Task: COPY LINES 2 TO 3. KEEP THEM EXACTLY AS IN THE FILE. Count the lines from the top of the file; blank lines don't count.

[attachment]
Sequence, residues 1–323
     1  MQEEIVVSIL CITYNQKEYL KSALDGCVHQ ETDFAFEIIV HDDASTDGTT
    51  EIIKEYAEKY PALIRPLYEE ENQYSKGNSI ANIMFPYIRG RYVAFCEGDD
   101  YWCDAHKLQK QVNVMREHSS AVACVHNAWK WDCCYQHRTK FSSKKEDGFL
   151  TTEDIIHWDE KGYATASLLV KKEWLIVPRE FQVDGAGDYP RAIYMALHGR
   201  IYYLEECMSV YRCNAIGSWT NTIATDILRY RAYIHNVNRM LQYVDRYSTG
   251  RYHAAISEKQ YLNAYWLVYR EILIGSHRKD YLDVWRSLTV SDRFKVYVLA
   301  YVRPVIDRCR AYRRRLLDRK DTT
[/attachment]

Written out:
     1  MQEEIVVSIL CITYNQKEYL KSALDGCVHQ ETDFAFEIIV HDDASTDGTT
    51  EIIKEYAEKY PALIRPLYEE ENQYSKGNSI ANIMFPYIRG RYVAFCEGDD